Investors Pull Most Money Out of SPDR Gold in Eight Monthsby
U.S. data increases prospects for Fed rate hike this year
Citigroup’s U.S. Economic Surprise Index at 18-month high
An improving economic outlook in the U.S. is sapping demand for exchange-traded funds backed by gold.
Investors pulled $793 million last week out of SPDR Gold Shares, the most since November, according to data compiled by Bloomberg. Holdings in gold-backed ETFs around the world slipped 3.9 metric tons last week, the most April 22, data show. Bets that the Federal Reserve may raise interest rates by December climbed after reports on Friday showing gains in U.S. retail sales and consumer prices last month.
Bullion has rallied 25 percent this year and posted the best first half of a year in four decades amid speculation that economic-growth concerns would keep the Fed from raising rates any time soon. Investors may be reassessing that outlook, as Citigroup Inc.’s U.S. Economic Surprise Index, which measures whether data beats or misses forecasts, rose to the highest since January 2015. Low rates are a boon to gold, which doesn’t pay interest.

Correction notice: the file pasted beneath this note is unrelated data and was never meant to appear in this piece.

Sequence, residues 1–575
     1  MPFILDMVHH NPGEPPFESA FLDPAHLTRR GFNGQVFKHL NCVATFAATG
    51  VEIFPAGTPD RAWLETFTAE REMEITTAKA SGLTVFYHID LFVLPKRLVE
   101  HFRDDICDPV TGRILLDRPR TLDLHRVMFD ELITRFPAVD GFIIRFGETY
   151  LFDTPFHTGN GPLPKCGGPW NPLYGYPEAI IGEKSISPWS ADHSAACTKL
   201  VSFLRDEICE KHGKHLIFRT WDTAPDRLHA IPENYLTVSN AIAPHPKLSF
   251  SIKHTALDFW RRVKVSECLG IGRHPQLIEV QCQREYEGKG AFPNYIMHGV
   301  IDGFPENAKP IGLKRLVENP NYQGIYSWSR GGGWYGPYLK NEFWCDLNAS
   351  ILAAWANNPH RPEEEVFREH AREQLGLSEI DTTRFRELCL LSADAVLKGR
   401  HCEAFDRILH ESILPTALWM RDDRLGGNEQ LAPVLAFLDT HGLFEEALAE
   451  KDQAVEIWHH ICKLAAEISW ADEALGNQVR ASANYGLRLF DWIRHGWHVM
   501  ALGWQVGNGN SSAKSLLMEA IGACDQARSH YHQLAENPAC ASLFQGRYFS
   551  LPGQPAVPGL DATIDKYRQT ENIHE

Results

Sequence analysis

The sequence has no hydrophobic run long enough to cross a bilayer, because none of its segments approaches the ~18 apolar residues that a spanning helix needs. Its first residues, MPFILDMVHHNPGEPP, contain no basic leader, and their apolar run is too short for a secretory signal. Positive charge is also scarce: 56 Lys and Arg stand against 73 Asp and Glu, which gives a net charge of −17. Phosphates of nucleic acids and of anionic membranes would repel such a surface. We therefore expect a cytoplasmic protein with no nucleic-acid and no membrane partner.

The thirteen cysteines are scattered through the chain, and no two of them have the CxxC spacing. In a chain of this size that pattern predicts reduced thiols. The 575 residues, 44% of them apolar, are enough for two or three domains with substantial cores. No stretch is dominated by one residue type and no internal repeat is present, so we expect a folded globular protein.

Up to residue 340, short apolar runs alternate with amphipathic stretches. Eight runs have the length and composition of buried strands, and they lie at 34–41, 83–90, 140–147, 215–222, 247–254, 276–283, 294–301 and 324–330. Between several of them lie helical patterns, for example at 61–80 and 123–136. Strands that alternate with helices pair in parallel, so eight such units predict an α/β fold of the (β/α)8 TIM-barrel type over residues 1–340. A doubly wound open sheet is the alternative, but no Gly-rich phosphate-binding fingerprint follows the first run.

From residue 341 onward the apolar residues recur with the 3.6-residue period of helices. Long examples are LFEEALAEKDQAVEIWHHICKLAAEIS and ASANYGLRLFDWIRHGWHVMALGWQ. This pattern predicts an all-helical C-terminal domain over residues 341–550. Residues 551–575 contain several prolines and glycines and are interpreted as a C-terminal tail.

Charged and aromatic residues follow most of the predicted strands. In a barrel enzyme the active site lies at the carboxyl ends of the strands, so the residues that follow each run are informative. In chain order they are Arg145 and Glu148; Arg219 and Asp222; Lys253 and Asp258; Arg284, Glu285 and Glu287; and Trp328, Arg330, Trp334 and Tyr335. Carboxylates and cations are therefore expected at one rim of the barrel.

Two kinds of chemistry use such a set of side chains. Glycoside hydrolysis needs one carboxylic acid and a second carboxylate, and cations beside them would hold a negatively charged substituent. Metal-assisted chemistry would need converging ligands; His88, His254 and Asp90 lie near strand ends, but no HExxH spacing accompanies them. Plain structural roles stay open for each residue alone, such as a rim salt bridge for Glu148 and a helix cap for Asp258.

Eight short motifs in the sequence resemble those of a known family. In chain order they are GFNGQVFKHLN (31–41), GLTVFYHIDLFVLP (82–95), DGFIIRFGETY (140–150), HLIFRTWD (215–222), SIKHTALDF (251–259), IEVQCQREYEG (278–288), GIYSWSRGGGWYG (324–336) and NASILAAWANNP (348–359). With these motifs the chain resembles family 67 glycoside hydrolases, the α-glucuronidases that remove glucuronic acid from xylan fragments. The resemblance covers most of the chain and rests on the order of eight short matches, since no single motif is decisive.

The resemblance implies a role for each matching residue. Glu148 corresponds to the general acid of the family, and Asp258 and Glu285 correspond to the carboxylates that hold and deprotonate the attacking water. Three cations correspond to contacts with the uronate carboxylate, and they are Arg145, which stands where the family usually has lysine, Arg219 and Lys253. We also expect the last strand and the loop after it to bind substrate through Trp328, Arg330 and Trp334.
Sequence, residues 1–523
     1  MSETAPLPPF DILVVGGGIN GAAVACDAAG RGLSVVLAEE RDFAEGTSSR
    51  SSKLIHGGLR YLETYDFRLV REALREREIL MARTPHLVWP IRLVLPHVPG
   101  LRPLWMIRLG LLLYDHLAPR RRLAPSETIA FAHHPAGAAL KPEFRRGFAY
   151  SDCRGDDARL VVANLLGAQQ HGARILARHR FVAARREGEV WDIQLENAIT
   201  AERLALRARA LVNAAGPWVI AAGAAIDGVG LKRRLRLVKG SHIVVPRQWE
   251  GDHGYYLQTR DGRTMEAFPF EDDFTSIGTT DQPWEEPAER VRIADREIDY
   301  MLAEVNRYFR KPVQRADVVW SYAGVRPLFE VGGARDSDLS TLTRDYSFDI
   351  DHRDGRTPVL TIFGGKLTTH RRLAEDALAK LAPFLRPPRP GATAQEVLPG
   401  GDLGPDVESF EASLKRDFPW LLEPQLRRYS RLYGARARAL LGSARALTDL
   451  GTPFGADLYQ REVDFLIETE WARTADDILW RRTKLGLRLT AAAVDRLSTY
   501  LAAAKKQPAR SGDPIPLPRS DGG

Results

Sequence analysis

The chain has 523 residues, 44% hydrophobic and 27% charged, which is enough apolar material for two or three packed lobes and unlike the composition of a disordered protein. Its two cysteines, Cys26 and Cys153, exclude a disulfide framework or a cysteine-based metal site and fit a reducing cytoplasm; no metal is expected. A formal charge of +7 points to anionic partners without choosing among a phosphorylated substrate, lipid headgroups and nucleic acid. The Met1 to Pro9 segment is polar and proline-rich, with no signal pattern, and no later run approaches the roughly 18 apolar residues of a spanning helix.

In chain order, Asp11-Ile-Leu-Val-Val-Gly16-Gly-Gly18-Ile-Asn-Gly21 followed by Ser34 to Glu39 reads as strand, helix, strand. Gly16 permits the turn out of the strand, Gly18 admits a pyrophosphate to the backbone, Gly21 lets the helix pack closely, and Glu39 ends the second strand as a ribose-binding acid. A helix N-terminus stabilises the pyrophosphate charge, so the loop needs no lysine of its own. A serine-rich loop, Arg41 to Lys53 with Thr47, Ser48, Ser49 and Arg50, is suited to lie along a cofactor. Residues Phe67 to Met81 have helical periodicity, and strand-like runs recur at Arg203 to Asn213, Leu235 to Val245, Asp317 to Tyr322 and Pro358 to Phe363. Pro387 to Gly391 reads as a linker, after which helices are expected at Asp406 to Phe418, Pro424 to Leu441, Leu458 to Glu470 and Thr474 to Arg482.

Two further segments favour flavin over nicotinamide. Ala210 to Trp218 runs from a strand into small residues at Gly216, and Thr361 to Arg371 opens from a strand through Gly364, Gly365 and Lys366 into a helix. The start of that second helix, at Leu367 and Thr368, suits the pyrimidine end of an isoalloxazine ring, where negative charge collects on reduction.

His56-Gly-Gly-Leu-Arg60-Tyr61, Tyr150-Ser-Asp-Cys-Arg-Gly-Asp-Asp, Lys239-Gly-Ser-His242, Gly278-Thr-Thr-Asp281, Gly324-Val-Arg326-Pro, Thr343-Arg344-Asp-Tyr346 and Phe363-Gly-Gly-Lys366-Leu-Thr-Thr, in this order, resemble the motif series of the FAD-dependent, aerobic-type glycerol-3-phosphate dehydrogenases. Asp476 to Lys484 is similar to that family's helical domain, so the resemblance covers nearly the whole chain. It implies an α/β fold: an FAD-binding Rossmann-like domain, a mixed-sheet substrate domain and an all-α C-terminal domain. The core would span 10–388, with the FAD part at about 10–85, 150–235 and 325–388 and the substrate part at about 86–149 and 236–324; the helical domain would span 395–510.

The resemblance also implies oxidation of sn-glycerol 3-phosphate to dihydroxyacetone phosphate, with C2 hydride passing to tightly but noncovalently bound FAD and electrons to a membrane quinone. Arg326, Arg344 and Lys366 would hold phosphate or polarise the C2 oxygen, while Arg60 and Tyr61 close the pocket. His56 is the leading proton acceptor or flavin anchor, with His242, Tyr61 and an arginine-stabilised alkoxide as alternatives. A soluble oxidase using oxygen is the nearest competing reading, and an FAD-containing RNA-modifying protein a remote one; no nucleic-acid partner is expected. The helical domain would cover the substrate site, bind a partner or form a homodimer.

“The economic data released over in the U.S. last week has been promising and it has improved the chances of the Fed increasing the interest rate in the near future,” Naeem Aslam, the chief market analyst at Think Markets U.K. Ltd., said in an e-mail. The fund flow out of SPDR “is mainly due to this reason,” he said.
Gold for immediate delivery slipped 0.6 percent to $1,329.58 an ounce at 1:55 p.m. in New York, Bloomberg generic pricing shows. Gold futures for August delivery added 0.1 percent to settle at $1,329.30 an ounce.
Gold may still gain on geopolitical concerns that can fuel haven demand, Aslam said. While financial markets showed signs of resilience following a failed coup attempt in Turkey, investors remain on edge. Turkish President Recep Tayyip Erdogan’s crackdown prompted doubts about the country’s longstanding place in the North Atlantic Treaty Organization and eligibility for eventual European Union membership.
“We are of the view that it may be a good opportunity” to buy gold, Aslam said. “There are still way too many uncertainties in the market. Unrest in global geopolitics are further adding color to this picture.”